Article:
By Brad Meltzer
We stood at the top of the stairs for what felt like an hour. Pacing. Watching. Craning our necks to see if he’d really do it.
“There’s no way,” one of us murmured.
“He’s gotta be nuts,” another said.
But John Chiarmonte, with his wild curly hair and his toothy grin of invulnerability, was determined to prove us wrong. When it comes to physical consequences, ten-year-olds never sweat a possible injury. It’s like someone once said: You don’t worry about falling out of a tree until they teach you about gravity in school.
In our case, we didn’t know gravity. We knew John Chiarmonte. And for better or worse, he was about to jump down an entire flight of stairs. We were there to cheer him on.
“Youcandoit,” I shouted.
His cousin, John Lucchese, patted him on the back. Anything to get him to go.
John Chiarmonte took another look down the long flight of stairs that led down to his basement. There had to be twenty to twenty-five steps in all—but more importantly, there wasn’t a lot of running room for the wind-up, so if he planned to clear them all, it’d have to be a huge jump. The only problem was, if he jumped too high, he’d smack his head into the ceiling that covered the lower half of the staircase. To even the odds, we gave him one advantage—at the base of the stairs, we dragged a thin, old, ratty mattress that we found in the back of the basement. Evel Knievel had his tire pits; the Fonz had Arnold’s Chicken stand; John Chiarmonte had his mattress.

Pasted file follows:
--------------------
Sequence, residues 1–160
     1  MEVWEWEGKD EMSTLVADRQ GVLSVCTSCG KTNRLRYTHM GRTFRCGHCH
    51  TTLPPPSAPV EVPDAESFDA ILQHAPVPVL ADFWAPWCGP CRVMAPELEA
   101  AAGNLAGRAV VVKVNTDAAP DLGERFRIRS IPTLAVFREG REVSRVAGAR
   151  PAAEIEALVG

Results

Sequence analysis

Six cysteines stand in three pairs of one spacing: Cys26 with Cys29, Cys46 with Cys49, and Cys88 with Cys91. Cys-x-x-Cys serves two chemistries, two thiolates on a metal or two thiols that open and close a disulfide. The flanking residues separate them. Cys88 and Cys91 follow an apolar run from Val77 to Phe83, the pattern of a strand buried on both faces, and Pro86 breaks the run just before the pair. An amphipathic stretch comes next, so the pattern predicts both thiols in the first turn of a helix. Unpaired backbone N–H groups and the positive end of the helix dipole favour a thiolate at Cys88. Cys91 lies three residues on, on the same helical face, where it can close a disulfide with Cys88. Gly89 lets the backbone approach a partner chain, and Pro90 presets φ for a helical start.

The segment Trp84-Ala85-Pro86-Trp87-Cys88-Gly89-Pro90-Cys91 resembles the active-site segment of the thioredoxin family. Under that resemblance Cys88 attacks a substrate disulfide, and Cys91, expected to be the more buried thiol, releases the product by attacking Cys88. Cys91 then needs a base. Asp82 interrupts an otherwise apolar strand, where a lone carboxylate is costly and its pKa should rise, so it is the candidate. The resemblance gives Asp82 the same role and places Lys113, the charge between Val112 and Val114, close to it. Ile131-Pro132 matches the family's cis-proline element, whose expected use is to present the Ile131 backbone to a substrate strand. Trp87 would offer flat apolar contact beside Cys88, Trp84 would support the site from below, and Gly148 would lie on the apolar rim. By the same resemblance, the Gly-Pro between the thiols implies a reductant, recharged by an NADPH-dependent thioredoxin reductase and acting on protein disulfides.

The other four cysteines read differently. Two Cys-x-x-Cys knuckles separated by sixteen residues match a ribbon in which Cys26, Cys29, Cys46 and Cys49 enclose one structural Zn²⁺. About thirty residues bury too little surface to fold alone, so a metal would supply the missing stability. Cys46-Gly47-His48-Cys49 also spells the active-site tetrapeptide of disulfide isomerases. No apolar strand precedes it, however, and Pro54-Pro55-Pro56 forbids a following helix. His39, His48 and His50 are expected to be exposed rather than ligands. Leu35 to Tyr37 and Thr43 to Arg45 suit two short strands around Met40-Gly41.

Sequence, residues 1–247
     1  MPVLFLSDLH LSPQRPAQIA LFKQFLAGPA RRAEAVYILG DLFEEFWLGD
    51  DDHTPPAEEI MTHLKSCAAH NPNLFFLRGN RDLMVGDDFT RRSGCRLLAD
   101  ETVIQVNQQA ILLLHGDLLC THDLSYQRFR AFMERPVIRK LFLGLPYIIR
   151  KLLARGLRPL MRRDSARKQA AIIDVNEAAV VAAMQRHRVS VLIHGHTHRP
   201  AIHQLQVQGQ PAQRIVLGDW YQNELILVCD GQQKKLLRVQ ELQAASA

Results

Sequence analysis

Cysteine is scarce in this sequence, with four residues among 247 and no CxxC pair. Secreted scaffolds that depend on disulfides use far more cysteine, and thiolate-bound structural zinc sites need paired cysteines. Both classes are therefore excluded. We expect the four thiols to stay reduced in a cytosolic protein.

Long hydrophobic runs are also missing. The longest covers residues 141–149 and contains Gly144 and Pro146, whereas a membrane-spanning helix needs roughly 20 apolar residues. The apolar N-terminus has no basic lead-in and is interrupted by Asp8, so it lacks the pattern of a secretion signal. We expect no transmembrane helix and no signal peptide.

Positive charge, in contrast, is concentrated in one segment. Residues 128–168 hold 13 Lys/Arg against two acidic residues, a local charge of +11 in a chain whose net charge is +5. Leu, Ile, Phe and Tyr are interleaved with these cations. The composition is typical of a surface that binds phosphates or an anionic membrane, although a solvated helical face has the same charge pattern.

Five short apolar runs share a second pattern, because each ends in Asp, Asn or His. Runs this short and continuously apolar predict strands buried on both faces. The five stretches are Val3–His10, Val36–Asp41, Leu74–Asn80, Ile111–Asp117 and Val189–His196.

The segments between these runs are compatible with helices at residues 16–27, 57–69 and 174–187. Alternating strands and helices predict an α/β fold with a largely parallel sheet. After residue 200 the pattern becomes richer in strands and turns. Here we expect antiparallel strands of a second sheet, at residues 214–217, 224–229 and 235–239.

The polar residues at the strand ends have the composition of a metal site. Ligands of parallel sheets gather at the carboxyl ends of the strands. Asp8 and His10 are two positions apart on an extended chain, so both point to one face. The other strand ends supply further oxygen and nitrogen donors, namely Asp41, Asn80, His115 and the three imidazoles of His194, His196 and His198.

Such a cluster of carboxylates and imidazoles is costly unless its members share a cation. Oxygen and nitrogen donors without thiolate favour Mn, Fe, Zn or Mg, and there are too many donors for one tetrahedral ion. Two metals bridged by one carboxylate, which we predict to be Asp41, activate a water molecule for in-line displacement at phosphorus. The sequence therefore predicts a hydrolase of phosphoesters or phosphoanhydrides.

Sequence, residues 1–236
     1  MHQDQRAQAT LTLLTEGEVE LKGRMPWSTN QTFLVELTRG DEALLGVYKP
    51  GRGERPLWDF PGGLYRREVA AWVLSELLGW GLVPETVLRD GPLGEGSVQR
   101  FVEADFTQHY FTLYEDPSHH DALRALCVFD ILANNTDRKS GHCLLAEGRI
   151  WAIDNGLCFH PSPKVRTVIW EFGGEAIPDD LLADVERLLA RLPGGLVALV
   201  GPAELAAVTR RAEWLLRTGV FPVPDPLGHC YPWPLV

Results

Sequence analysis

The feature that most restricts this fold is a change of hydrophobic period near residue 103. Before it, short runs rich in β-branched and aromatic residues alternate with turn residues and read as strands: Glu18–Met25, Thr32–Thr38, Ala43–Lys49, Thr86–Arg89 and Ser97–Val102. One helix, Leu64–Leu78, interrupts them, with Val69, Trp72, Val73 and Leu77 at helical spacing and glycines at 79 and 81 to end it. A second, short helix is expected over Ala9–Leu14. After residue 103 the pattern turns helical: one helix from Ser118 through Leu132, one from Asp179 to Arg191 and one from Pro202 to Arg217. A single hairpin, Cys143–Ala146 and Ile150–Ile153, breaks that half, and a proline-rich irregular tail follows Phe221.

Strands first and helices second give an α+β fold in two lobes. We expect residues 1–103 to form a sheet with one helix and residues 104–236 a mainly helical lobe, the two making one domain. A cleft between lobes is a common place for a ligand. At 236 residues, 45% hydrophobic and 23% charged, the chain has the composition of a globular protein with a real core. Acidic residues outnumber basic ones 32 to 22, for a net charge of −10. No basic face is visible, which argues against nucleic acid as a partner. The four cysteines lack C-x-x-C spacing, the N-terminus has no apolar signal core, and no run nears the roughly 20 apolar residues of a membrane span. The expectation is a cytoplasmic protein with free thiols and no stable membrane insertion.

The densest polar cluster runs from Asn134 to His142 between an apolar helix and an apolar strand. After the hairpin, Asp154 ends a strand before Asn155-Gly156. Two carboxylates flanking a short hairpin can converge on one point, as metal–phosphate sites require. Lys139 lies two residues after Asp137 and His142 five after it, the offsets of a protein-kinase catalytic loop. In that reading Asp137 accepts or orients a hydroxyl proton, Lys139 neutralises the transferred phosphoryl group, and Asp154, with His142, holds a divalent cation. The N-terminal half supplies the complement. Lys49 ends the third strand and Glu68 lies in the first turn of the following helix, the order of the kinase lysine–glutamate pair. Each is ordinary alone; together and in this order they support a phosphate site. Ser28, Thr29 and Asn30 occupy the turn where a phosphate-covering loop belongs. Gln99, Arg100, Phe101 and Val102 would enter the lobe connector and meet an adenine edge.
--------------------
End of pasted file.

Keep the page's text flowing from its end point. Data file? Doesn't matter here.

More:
“Youcandoit,” I repeated.
He nodded. It was gonna have to be a low and fast leap. A solid leap, because as we all knew, John’s stairs weren’t carpeted. Like most basement stairs back then, they were lined with metal treads on the edge of each step.
It seemed so easy when it started: one of us jumped down the last two steps of the staircase, another jumped from the third to the bottom, then the fourth…